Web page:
Charles Plant, the chair of the Solicitors Regulation Authority, recently warned that every law firm in the country will be affected by the arrival of alternative business structures (ABS). Change that to law firms and law clinics and you get a much more accurate warning. There has been hardly any media coverage on the impact (current and future) on law clinics from the Legal Services Act 2007 and the arrival of ABS. However, if you are a “special body”, such as a not for profit/non-commercial organisation, which provides legal services to the public and those services include reserved legal activities then you will need to become an ABS once the grace period has ended in 2013. After this a tailored ABS regime will be created, although there is currently no guidance on what this regime will look like, require and, perhaps most importantly, cost. This interactive session will look at the wording of the Act and the guidance that has been provided by the Solicitors Regulatory Authority and Legal Services Board to date. It will review the key points of the Legal Service Board’s consultation paper on the licensing regime for special bodies – including the idea that general legal advice should become a reserved legal activity and that special bodies should be able to charge for their services - and the response to that paper prepared by Northumbria University’s Elaine Campbell and Fiona Fletcher. It will invite participants to discuss how they have dealt with/will deal with the challenges of the LSA and explore potential lobbying activities.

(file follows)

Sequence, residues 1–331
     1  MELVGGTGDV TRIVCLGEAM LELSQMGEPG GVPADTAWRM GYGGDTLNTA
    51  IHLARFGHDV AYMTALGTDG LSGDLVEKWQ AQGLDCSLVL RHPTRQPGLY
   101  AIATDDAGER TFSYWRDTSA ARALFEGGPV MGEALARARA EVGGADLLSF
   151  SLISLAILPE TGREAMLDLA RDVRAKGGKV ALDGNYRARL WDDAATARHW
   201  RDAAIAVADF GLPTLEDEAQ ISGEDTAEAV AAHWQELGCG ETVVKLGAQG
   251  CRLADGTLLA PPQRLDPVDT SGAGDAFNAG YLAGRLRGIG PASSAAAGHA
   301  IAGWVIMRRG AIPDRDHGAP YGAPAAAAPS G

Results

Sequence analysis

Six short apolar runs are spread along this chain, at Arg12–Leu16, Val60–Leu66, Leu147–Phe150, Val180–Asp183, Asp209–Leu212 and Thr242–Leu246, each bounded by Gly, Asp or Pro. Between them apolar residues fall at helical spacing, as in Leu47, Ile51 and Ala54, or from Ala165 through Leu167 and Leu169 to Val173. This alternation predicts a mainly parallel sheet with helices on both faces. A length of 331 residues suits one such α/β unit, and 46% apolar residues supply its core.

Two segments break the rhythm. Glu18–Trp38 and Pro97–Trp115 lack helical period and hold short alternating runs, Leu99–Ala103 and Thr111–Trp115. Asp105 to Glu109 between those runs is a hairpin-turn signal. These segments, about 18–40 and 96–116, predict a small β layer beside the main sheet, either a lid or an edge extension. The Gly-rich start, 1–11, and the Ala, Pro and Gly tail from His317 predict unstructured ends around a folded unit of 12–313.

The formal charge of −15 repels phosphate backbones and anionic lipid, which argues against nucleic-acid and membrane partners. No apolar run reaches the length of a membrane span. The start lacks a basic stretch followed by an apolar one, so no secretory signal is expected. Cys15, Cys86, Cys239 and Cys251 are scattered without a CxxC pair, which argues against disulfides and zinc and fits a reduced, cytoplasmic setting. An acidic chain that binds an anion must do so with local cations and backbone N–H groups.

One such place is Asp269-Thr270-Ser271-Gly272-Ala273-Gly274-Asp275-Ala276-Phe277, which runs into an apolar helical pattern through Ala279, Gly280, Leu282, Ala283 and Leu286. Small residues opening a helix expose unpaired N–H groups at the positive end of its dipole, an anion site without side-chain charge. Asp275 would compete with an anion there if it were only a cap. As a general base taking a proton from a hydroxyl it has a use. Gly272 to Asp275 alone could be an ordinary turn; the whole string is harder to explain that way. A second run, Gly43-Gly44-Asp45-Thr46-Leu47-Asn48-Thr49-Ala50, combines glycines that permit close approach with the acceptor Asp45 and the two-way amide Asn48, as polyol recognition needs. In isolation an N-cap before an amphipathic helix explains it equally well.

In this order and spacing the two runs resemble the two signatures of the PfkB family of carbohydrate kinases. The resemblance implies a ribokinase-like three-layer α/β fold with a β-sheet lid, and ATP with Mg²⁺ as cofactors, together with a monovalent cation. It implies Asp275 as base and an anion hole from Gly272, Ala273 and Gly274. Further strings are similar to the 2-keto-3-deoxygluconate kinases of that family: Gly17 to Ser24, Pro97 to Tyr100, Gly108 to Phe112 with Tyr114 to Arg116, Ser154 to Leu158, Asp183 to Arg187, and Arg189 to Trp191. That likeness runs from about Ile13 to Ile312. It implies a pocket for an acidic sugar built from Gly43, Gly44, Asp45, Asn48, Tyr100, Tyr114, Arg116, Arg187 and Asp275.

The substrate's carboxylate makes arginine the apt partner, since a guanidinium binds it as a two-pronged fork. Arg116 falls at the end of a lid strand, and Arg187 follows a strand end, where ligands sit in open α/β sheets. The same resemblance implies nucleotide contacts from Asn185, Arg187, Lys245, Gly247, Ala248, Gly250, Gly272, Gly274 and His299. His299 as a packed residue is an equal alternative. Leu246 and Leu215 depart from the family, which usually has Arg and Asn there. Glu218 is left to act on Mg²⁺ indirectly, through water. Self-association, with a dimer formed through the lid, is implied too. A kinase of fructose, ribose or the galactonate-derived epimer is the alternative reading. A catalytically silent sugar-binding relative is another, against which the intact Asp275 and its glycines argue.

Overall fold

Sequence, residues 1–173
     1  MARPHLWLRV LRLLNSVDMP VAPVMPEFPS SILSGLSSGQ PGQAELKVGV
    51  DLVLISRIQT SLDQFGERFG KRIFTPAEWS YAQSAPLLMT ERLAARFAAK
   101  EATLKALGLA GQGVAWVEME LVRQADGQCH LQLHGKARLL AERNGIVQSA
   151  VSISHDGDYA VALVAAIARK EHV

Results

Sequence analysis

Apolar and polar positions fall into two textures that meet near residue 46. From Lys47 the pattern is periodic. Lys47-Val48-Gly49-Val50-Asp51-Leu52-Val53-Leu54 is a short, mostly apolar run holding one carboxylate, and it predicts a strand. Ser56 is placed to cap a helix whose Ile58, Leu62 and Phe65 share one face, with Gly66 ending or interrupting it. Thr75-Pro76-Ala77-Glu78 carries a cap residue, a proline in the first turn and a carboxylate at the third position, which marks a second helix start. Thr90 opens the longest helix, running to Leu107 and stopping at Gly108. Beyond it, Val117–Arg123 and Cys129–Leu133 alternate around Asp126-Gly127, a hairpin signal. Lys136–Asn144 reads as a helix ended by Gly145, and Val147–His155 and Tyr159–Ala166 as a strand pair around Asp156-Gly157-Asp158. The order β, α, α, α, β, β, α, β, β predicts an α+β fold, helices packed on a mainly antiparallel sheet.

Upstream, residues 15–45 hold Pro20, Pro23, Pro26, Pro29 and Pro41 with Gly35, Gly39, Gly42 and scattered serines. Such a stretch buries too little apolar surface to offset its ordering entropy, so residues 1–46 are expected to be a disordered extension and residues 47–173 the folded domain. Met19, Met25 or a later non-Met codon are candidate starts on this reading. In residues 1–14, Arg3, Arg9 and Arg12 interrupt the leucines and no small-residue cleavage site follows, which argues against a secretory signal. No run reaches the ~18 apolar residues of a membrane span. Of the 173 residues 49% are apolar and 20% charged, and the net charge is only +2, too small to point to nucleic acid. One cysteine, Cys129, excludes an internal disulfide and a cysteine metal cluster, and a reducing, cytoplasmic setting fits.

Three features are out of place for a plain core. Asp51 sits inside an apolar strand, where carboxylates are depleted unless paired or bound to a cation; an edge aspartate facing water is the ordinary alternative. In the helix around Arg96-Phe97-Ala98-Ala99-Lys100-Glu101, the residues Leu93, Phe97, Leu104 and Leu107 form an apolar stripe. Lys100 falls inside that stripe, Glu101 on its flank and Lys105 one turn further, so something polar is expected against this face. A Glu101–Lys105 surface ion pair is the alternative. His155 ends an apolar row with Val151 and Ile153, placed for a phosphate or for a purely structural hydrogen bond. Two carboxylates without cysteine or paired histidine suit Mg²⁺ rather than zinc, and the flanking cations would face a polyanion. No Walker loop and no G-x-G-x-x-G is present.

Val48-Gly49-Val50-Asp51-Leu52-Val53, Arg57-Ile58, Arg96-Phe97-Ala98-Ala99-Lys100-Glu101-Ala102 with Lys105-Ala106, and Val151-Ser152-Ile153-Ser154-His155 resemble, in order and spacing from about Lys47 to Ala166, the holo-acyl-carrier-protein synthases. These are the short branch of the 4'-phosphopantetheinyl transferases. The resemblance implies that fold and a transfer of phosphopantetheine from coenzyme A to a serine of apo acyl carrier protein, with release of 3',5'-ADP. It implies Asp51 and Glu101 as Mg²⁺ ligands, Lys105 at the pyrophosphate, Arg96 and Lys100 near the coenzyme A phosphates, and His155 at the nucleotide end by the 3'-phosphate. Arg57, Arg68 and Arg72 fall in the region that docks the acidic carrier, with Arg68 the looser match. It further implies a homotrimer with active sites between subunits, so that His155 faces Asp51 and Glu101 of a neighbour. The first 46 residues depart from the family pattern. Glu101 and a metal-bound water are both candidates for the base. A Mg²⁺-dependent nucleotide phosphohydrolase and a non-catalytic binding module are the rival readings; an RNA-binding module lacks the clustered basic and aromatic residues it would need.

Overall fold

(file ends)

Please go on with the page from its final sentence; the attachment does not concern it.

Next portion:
|Published - Jul 2012
|10th International Clinical Legal Education Conference (IJCL 2012) - Durham, UK
Duration: 1 Jul 2012 → …
|10th International Clinical Legal Education Conference (IJCL 2012)
|1/07/12 → …